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Rising rents and food prices mean Americans are paying more

Consumer prices continued to rise in October as rents and the cost of food climbed even as gas came down from its recent peak, the government said.

Seasonally adjusted prices got a 0.1% boost in October from the previous month, according to the Labor Department. But the increase was smaller than the 0.6% surges in September and August.

October’s prices were up 2.2% from the year-earlier period.

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The cost of food went up 0.2% last month from September, according to the report, with meat, poultry, fish, eggs, fruits and vegetables all experiencing price hikes. Rents gained 0.4%, their largest rise since June 2008.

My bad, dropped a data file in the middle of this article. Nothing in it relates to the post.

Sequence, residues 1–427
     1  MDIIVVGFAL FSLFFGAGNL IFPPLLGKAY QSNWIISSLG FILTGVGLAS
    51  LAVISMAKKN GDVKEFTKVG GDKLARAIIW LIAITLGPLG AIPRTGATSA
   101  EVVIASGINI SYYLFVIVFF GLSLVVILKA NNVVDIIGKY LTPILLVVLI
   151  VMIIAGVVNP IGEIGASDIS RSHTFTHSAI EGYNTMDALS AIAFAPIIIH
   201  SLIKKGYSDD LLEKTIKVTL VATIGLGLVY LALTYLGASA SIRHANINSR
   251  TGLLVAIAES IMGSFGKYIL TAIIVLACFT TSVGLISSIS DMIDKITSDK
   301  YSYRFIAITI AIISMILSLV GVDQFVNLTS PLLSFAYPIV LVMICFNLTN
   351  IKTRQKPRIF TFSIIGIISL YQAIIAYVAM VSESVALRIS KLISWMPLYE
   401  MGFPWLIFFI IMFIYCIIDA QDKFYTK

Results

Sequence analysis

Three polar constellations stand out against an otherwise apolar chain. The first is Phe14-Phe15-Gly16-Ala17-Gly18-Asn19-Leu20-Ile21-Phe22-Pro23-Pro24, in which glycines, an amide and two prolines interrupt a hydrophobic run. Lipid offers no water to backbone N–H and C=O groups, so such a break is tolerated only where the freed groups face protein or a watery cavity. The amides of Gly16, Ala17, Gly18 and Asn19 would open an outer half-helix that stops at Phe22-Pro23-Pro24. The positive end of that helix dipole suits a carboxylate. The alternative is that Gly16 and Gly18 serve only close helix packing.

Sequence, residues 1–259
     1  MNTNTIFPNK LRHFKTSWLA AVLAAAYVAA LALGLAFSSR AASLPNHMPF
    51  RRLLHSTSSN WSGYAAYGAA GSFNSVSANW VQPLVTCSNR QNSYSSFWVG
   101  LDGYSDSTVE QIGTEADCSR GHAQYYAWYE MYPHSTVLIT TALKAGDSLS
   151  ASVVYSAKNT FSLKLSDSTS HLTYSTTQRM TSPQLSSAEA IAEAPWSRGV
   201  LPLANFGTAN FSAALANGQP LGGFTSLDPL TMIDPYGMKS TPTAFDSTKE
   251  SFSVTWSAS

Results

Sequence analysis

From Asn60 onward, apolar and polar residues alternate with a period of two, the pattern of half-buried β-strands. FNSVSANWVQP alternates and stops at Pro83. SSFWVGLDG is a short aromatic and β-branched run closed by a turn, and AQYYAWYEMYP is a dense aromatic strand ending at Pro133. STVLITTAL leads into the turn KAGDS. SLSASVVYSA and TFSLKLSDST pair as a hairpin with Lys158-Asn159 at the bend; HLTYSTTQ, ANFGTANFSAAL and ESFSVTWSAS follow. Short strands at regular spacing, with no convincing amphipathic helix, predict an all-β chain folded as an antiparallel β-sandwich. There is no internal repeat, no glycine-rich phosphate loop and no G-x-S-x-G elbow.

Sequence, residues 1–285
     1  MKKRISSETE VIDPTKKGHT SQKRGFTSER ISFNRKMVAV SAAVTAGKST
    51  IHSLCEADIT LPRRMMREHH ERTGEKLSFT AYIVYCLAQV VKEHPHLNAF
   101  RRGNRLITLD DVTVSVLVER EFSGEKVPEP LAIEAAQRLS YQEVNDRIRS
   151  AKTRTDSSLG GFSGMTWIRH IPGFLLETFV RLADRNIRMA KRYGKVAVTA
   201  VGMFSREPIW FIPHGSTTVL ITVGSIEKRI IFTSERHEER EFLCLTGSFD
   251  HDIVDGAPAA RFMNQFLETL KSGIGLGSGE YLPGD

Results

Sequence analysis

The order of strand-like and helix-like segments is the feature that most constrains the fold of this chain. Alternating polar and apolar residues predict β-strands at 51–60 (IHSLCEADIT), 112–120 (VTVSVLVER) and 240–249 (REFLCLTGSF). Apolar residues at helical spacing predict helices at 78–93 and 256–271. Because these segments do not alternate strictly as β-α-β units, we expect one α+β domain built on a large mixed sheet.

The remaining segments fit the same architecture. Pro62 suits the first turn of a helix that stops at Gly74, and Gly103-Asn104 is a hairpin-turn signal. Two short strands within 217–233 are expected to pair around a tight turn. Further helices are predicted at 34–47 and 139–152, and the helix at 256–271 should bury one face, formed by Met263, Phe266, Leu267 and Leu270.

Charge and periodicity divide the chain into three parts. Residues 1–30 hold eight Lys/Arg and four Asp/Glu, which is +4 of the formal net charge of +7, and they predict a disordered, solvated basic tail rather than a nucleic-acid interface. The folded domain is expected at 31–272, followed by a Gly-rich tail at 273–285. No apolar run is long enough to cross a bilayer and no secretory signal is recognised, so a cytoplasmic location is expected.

Americans got a breather, however, as energy prices slumped 0.2%. Gas prices slid 0.6% after soaring 7% in September and 9% in August.

Stripping the price index of energy and food, which tend to be volatile, brought core prices up 0.2%. Apparel costs and airline fares rose, while prices of new and used cars retreated.

A separate report from the American Farm Bureau Federation predicted that a typical Thanksgiving dinner will cost consumers 28 cents more than last year, bringing the price of the turkey feast up to $49.48 for a party of 10.


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